• Staff from Oak Orchard Health in Brockport and local farmworkers attended the April 22 production of “One House Over” at Geva Theatre Center.
    Staff from Oak Orchard Health in Brockport and local farmworkers attended the April 22 production of “One House Over” at Geva Theatre Center.

Geva Theatre production explores immigration, caring for the other

By Annette Jiménez/Staff Writer / Catholic Courier    |    04.26.2018
Category: Our Two Cents

“One House Over,” onstage now at Rochester’s Geva Theatre, focuses on the story of a couple from Mexico trying to live the American dream.

The main obstacle is both characters arrived in the U.S. illegally — Camila crossed the Rio Grande through a smuggler, while Rafael arrived with his family at age 2.

The cast from “One House Over” at Geva Theatre Center had a “meet and greet” with farmworkers from the Brockport area on April 22. (Submitted photo by Annette Ramos)

Camila, a live-in home health aide, is derided by her elderly client for not arriving in the U.S. “the right way.” The two eventually come to an understanding after sharing their personal stories one night.

Meanwhile, Rafael feels locked in by the immigration decision that was made for him when he was a toddler. He dreams of visiting Italy and becoming a chef and is jealous of a coworker’s travel plans.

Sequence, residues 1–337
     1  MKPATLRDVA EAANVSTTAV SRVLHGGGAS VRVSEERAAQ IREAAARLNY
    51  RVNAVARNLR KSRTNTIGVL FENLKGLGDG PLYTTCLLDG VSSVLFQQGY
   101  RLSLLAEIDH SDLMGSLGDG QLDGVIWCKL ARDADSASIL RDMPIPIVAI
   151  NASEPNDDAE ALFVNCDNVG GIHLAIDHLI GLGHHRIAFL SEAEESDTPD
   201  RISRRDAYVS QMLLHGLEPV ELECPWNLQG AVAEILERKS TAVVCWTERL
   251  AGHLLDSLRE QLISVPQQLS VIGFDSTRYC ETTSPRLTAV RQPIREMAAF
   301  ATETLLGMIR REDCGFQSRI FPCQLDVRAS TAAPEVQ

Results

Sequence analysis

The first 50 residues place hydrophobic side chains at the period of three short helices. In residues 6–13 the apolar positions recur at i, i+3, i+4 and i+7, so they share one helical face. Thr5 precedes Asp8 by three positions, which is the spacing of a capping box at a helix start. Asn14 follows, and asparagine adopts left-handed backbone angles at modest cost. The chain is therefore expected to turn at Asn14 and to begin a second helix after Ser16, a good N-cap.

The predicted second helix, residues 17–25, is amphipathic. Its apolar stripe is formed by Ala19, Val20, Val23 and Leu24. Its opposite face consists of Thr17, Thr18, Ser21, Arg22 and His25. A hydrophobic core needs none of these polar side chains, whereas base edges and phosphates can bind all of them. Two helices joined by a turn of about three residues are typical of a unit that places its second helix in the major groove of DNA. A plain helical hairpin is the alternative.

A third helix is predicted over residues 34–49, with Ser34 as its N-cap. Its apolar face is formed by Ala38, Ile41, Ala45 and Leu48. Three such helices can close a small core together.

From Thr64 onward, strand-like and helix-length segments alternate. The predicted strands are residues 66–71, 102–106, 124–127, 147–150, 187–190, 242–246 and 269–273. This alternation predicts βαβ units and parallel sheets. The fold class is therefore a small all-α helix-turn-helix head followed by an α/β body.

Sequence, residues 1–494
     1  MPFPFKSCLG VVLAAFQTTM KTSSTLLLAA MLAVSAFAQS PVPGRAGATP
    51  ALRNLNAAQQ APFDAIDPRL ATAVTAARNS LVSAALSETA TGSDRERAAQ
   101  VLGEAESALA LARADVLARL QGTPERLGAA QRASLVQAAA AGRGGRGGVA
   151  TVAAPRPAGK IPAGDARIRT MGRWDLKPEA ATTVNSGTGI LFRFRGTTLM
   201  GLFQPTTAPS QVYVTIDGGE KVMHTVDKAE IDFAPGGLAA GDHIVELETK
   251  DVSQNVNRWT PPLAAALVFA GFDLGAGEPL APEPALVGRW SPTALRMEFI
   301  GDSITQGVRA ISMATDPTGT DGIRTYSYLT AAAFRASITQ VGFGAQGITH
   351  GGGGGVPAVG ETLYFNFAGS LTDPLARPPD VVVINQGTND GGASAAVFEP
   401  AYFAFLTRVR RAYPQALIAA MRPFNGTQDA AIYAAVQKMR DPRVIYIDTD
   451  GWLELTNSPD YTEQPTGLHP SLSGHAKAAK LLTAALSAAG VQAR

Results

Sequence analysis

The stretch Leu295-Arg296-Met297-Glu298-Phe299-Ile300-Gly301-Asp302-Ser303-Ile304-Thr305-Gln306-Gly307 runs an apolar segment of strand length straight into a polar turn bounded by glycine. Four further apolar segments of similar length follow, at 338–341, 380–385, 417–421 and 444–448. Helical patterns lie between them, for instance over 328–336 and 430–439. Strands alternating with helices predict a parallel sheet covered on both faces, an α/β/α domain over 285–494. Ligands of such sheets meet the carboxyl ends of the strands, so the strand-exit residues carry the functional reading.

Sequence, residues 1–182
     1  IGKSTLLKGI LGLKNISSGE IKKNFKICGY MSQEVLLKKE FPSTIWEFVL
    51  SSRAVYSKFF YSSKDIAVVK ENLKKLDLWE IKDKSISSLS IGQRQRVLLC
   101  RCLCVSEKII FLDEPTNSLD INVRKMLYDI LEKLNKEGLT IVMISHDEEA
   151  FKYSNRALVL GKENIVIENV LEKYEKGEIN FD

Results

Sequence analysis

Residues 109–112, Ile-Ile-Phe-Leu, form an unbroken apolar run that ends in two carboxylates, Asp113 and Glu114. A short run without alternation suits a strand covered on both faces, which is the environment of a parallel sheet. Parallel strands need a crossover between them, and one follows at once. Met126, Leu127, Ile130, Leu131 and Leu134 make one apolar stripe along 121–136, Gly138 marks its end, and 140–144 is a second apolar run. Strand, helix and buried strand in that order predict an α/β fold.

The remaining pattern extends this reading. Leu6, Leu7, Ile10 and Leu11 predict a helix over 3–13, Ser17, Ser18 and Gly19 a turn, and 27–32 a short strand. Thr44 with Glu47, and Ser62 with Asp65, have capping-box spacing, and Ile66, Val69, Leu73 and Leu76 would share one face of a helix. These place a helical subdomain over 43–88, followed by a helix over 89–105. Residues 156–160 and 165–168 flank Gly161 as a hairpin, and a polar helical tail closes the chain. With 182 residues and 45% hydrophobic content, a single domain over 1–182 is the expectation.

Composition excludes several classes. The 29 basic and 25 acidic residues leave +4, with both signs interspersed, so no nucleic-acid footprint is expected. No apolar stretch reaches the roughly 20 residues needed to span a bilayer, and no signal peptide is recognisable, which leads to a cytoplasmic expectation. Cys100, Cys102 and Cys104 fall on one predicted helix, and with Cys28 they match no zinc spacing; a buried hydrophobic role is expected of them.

In addition to immigration, the play offers universal themes about caring for aging parents, what it means to be a good neighbor and what is a diverse neighborhood. It sounds serious, but the themes are treated with humor and empathy.

The daily reality of migrant workers everywhere also is reflected — the constant fear of being exposed, struggles with not being able to drive and jobs dependent on the whims of employers, noted Maria Rubio, who, like Camila, crossed over but now has a work permit. She attended the play April 22 with workers from the Brockport area.

Those same themes play out in the stories I’ve been writing about for years as a staff writer with El Mensajero Católico since 2005.

Maria said she closely connected with Camila’s desire to go back to Mexico to care for her ailing father. She hasn’t seen her parents for 16 years and they are not doing well. But she stays because of her three children here.

“We came for a better life — as all immigrants do,” she said.

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